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Mars Moon: Phobos

An image of Phobos

Phobos, The larger of the two small moons of Mars, was discovered in August 12, 1977 by Hall and closely photographed almost a hundred years later by the Mariner 9 in 1971. Its most impressive feature is the crater Stickney, some 9 km (6 mi.) in diameter, the formation of which would have involved an impact which almost shattered the little satellite.

High resolution images of Stickney, obtained by the Mars Global Surveyor, have shown the crater to be filled with fine dust and provided evidence of boulders sliding down its steep sides. Phobos is also on a collision course with Mars. Since it is orbiting below the synchronous orbit radius, forces will lower the moon closer and closer to Mars (current rate at about 1.8 m closer per century) that in about 50 million years, Phobos will collide into the planet.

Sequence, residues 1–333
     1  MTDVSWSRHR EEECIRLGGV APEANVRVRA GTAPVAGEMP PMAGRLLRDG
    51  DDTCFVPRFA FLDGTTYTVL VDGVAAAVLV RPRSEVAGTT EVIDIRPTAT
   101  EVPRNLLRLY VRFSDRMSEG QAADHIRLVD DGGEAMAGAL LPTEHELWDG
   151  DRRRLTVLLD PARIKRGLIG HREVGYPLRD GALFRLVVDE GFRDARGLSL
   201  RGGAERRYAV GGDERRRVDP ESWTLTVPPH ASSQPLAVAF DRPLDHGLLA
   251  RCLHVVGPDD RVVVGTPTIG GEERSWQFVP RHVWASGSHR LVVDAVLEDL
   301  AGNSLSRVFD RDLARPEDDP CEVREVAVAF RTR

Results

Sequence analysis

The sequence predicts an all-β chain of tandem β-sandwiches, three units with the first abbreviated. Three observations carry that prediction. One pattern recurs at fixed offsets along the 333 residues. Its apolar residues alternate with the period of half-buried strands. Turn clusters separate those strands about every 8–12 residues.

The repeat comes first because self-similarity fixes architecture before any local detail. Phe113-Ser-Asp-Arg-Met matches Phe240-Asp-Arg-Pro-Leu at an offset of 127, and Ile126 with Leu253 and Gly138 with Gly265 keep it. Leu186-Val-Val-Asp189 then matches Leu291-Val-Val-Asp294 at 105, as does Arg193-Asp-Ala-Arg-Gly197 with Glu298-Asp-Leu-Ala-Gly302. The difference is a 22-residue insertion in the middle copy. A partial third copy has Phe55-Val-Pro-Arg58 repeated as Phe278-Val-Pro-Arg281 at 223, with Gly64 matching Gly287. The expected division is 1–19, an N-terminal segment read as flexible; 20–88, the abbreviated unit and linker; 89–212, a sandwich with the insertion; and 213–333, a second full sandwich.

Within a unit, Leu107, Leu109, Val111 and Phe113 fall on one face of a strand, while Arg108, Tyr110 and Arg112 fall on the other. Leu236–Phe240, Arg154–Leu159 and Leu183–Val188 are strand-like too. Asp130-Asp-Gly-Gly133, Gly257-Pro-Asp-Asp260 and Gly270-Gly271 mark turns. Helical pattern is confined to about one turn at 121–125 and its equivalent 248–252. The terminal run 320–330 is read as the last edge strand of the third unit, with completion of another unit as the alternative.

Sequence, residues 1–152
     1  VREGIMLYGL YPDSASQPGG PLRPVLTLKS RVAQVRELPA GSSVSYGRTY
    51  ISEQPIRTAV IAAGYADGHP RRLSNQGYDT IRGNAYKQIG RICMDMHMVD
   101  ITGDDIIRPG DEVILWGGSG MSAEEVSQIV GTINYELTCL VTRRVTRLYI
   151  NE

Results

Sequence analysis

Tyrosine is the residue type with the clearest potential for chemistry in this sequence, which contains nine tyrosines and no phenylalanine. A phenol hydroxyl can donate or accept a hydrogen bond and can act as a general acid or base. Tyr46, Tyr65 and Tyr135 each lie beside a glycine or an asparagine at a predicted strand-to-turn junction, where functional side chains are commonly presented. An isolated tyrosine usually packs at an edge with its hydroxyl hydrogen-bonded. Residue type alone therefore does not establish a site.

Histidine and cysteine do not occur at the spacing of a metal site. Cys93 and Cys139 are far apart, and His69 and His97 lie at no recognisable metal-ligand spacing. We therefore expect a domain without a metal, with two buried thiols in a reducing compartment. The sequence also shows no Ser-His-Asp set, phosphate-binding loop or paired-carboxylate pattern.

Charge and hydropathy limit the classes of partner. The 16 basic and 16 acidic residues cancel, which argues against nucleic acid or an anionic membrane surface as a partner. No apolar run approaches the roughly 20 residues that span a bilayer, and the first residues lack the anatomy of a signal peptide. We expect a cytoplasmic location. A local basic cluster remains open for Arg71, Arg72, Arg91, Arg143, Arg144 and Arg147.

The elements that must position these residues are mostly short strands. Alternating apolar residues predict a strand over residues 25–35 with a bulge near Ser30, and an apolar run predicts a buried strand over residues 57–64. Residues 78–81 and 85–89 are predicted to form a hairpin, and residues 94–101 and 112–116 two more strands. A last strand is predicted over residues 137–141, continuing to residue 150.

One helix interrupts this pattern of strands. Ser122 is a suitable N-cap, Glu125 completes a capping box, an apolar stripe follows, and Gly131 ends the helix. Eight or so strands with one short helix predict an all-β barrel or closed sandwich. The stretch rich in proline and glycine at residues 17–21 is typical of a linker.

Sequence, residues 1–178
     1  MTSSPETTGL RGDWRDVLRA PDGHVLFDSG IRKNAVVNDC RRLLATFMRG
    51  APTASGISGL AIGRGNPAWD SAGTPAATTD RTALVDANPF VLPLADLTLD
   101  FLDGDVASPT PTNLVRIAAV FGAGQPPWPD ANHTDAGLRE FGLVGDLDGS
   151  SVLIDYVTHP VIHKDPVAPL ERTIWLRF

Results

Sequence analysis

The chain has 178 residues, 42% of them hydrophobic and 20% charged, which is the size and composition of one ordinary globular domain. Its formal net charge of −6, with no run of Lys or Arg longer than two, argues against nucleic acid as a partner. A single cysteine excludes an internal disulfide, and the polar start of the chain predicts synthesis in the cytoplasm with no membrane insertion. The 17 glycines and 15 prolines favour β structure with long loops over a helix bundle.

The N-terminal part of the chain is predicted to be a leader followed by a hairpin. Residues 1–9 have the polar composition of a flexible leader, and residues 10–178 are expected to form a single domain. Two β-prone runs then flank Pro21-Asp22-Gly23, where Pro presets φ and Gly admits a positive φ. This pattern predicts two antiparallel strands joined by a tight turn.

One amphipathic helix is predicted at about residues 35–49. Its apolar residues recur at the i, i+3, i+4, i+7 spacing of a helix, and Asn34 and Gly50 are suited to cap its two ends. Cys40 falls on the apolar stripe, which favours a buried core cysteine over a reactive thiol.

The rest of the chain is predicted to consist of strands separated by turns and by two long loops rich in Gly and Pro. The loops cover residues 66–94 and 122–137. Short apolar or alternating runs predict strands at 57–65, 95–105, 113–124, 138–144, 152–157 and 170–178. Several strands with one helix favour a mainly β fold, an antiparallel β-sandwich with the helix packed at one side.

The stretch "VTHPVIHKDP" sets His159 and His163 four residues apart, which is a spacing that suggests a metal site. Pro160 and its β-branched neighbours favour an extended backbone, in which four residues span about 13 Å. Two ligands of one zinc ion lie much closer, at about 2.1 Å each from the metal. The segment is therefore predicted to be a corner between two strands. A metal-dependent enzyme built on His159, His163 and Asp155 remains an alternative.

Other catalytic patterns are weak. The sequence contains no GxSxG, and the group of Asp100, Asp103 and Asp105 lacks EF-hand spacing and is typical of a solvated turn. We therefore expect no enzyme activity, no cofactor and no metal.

Both Phobos and Deimos are suspected to be captured asteroids either from our own asteroid belt or another part of our universe. The temperature varies between about -4 C (25 F) on the sunlit side of the moon and -112 C (-70 F). In Greek mythology, Phobos is one of the sons of Ares and Aphrodite.

This image of Phobos, the inner and larger of the two moons of Mars, was taken by the Mars Global Surveyor on August 19, 1998.

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